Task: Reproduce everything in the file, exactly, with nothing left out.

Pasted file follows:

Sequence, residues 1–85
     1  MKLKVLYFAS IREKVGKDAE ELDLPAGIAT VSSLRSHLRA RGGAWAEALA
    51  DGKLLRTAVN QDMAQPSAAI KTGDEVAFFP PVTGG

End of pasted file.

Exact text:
Sequence, residues 1–85
     1  MKLKVLYFAS IREKVGKDAE ELDLPAGIAT VSSLRSHLRA RGGAWAEALA
    51  DGKLLRTAVN QDMAQPSAAI KTGDEVAFFP PVTGG